In the news

In April, the AFL-CIO launched “We Rise!” a national immigration initiative to reach, mobilize and organize immigrant workers to build power on the job and in the community. We Rise will train union members and equip union halls around the country to empower immigrant workers and their families by helping them apply for the Deferred Action for Childhood Arrivals and the Deferred Action for Parents of Americans programs. The initiative also will encourage qualified legal permanent residents to become U.S. citizens. Meanwhile, on April 7, the AFT joined with dozens of states and organizations to file an amicus brief for
Texas v. United States of America that urges the 5th U.S. Circuit Court of Appeals to lift the unjustifiable stay the Texas U.S. District Court imposed on President Obama’s executive action on immigration.


Even in a female-dominated profession like nursing, men still earn more than women, according to a new study published in the Journal of the American Medical Association. After controlling for age, race, marital status and children in the home, males in nursing out-earned
females by nearly $7,700 per year in outpatient settings and nearly $3,900 in hospitals.


Sonya Romero, a kindergarten teacher at Lew Wallace Elementary in Albuquerque, N.M., appeared on a recent episode of “The Ellen DeGeneres Show” and talked about how the courage and generosity that early childhood educators bring to class every day leads to a lasting legacy of love and learning. Romero, who is also an executive vice president for the Albuquerque Teachers Federation, minced no words when she told host DeGeneres about the needs that show up every morning at the door of Lew Wallace, where 75 percent of students live below the poverty line, and how she and the staff are determined to meet those challenges. “I ask my kids if they’ve eaten that morning, if they need anything to wear.” Her story, which has generated more than 2 million YouTube views and numerous other media stories, puts a compelling and human face on the profession.


Pre-K and kindergarten students in McDowell County, W.Va., who have not had a dental examination prior to the start of the 2015-16 school year will have a virtual dental hygiene examination at school and follow-up care, provided by a mobile dental van or a regional dental provider, under a new initiative coordinated by Reconnecting McDowell and several of its partners. The pilot program will enroll pre-K and kindergarten students first, then add students in grades 2, 7 and 12, respectively, in the following three school years. Reconnecting McDowell is a public-private partnership, spearheaded by the AFT, to ensure that McDowell County children and their families have access to high-quality education, healthcare, social services and improved economic development opportunities.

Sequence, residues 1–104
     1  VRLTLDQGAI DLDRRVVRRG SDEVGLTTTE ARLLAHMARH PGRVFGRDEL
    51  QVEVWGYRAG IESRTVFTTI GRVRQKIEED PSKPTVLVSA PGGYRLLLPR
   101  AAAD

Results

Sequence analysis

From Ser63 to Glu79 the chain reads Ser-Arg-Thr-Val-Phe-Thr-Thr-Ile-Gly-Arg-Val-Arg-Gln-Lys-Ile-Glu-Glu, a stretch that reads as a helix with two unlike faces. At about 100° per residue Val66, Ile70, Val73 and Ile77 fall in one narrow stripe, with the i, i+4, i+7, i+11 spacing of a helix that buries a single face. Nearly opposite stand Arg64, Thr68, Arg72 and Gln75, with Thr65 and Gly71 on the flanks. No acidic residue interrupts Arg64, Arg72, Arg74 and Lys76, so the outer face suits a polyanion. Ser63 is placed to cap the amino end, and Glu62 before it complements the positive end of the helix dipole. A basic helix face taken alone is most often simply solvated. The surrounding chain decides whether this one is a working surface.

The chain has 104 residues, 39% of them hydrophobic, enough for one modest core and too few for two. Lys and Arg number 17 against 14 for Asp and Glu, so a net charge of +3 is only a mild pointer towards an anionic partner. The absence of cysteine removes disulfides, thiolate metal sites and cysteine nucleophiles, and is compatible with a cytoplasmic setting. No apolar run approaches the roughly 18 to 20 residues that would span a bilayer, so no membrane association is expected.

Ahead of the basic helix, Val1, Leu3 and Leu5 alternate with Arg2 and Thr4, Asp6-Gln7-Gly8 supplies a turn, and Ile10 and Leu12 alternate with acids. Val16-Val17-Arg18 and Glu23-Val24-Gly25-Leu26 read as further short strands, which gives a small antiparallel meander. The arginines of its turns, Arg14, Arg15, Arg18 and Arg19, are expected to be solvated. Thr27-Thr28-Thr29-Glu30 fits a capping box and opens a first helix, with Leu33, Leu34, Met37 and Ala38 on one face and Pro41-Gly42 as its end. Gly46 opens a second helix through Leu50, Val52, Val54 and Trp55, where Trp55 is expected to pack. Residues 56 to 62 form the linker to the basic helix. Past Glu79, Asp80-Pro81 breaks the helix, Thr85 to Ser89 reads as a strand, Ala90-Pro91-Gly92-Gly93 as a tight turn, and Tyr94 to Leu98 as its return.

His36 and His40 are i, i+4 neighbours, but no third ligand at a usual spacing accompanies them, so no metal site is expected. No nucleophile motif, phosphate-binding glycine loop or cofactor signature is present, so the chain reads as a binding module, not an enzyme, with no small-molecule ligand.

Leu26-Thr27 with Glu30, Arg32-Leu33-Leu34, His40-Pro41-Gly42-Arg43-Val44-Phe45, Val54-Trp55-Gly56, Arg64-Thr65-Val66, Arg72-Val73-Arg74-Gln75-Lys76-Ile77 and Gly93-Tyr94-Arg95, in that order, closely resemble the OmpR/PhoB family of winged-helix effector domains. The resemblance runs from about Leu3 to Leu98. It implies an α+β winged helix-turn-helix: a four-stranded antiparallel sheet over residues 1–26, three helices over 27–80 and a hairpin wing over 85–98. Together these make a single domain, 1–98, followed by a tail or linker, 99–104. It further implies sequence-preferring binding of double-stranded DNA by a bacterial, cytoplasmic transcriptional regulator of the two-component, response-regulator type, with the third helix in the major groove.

WORKING WITH COKE The AFT and the Coca-Cola Company have signed an agreement pledging to work together to address issues related to child labor in the sugar cane harvest. The agreement follows a series of productive discussions between the AFT and Coca-Cola following the AFT’s adoption of a resolution last fall calling for a boycott—which has ended—of Coca-Cola products based on the company’s violation of workers’ rights and child labor laws.


Progressive leaders in the U.S. Senate and House addressed more than 1,200 unionists who gathered at the Capitol on April 15 to urge lawmakers to put the brakes on fast-track trade legislation that puts jobs and the environment at risk. “There is a war being waged against working families, and we have to fight back,” Sen. Bernie Sanders (I-Vt.) told the large, rowdy crowd, which included a large AFT contingent. The event kicked off labor visits to congressional offices to voice opposition to the trade proposal. Other speakers included AFT Secretary-Treasurer Lorretta Johnson and other union leaders, along with some of the strongest voices in the environmental movement and in Congress.


Healthwire, Summer 2015
Share This